UFC 213: Nunes vs. Shevchenko 2:
The MMA DFS Playbook is back again, this time for UFC 213. The UFC is back on home soil in Vegas for UFC 213: Nunes vs. Shevchenko 2, headlined by the rematch between Nunes and Shevchenko for the bantamweight title. In the co-main event, Robert Whittaker takes on Yoel Romero for the interim middleweight championship. Let’s get into the bouts worth playing or betting on.
Valentina Shevchenko ($8,200) vs. Amanda Nunes ($8,000)
Amanda Nunes looks to go 2-0 against Valentina Shevchenko when she defends her women’s bantamweight title in a highly-anticipated rematch. Since a loss to Cat Zingano in 2014, Nunes has been nothing short of dominant, winning 5 straight fights, and finishing every opponent not named Shevchenko. She defeated Miesha Tate in the main event of UFC 200 to capture the title, and then defended it against Ronda Rousey with a 48 second TKO. Shevchenko earned a rematch with dominant victories over tough competition in Holly Holm and Julianna Pena.
Nunes will likely stick to what got her here. She’s got lightning quick hands, and unreal punching power for the weight class. Her top game is excellent as well, as she displayed in the first fight with Shevchenko. In round 2 she nearly finished Shevchenko with brutal ground and pound, as well as a neck crank. It was a dominant round, and I had her winning that one 10-8.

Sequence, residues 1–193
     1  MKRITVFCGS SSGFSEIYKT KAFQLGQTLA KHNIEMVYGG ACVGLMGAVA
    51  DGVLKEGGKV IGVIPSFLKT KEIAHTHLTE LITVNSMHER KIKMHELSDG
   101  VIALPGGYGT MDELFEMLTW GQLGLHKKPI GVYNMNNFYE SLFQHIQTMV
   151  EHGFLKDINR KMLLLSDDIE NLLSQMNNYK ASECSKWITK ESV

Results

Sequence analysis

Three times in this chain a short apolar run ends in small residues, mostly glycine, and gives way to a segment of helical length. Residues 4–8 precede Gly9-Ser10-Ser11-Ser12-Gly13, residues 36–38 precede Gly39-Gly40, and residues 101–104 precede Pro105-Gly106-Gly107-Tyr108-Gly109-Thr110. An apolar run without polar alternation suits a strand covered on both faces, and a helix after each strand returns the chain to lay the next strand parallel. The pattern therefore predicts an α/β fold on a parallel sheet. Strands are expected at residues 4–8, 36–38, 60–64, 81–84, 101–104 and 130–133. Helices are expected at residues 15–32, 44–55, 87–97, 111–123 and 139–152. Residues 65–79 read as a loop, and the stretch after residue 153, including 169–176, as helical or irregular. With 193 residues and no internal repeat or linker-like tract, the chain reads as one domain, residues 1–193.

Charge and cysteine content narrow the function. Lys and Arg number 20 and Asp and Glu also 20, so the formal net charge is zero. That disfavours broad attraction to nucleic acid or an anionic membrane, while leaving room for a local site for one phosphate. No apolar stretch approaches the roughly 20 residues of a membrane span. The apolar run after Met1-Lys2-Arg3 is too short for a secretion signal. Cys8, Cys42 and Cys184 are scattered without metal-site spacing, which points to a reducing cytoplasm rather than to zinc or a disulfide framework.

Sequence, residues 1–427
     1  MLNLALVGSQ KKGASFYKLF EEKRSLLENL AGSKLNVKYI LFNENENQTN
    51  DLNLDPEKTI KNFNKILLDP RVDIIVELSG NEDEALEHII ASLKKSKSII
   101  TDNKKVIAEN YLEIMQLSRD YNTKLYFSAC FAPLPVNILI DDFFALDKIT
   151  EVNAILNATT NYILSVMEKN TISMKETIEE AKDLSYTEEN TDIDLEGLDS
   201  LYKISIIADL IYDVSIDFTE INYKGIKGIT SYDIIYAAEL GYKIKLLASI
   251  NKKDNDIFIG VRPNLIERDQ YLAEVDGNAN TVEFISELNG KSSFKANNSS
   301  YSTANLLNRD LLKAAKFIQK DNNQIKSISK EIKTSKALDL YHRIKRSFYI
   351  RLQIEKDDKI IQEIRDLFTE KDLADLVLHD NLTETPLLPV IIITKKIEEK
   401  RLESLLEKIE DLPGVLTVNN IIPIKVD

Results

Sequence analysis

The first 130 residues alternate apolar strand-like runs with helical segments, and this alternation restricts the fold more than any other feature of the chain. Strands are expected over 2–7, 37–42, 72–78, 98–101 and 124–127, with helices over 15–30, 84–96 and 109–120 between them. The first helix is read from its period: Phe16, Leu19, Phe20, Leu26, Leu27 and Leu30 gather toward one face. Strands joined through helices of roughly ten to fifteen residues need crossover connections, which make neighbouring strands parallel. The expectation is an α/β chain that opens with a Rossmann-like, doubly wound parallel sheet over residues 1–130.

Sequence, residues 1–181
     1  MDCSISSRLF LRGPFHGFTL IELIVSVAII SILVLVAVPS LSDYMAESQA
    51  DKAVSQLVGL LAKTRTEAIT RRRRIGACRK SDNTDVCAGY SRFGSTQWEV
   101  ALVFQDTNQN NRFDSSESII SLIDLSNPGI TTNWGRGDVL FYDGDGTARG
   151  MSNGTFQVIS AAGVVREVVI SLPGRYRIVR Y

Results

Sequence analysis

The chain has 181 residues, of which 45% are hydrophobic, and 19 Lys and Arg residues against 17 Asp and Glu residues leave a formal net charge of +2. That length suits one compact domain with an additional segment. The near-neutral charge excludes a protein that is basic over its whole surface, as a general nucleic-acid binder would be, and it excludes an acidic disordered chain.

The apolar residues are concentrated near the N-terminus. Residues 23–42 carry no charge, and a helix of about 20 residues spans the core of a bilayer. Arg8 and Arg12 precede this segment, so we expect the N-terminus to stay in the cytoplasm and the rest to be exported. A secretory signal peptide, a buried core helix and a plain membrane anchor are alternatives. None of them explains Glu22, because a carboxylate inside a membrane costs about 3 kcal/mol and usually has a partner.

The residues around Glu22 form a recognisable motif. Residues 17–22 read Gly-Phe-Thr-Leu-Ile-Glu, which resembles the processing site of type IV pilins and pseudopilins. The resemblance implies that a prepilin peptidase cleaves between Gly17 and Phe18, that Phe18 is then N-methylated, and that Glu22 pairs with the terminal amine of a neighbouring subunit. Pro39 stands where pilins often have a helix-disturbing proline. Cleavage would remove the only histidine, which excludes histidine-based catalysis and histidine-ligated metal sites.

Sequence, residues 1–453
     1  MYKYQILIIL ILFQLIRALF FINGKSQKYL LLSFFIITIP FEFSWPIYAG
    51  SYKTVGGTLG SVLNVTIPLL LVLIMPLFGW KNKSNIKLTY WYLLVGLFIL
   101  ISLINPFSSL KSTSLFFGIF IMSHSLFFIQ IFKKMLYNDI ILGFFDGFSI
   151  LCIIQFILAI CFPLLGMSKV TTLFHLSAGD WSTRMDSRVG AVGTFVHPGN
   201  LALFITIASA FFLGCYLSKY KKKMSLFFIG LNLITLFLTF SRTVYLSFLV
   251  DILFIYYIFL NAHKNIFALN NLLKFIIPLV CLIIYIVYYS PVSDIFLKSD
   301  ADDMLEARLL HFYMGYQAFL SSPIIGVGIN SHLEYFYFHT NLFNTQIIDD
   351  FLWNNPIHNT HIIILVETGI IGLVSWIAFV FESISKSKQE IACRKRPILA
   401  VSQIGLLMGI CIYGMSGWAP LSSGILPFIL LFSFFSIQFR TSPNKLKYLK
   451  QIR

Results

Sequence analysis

Shevchenko has looked incredible since the loss to Nunes. She surprisingly out-struck Holm for 5 rounds en route to a lopsided victory on the scorecards. Then in January she defeated Pena via submission, despite being viewed by many as the inferior fighter on the mat. She looks to have improved immensely since the loss to Nunes, and this bout should be a good one.
Draftkings has Shevchenko as the slight favorite in pricing, and Vegas has it even with both fighters currently at -110, and I believe it’s warranted. This is a competitive match-up, and I feel like both fighters are the class of the division. For the fight itself, I believe we are going to see a new champion crowned. My biggest takeaway from the first fight was that Nunes looked dominant in the first 2 rounds, but would have lost if it were a 5-round bout. She gassed badly in the 3rd round, almost leading to her demise. With 2 more rounds, I believe we may have had a different winner. I think Part 2 could start off a lot like the first fight, with Nunes landing harder punches, and possibly winning the first 2 rounds. We’ve seen her gas tank become an issue in a few fights, and in this one I think it’s her downfall. Shevchenko rallies in the later rounds to steal a victory with a late stoppage. The pick is Shevchenko by TKO.
Robert Whittaker ($8,300) vs. Yoel Romero ($7,900)
Yet another interim title match gets the green light for UFC 213, as Aussie Robert Whittaker faces Yoel Romero to crown a middleweight interim champion. Current champ Michael Bisping is sidelined until late this year with a knee injury, with the winner of this bout likely facing him for a title unification bout, barring a potential super-fight with Georges St. Pierre.
Romero has looked downright scary since his UFC debut in 2013. His freakish combination of size and athleticism, combined with his ungodly punching power and elite wrestling has led to quite a few devastating stoppages, and has positioned him to capture UFC gold. He demonstrated a new wrinkle to his game, as he destroyed former champ Chris Weidman with a flying knee that promptly ended the fight. His gas tank is always a concern, but hasn’t factored much as he’s finished the majority of his 3-round fights within the distance.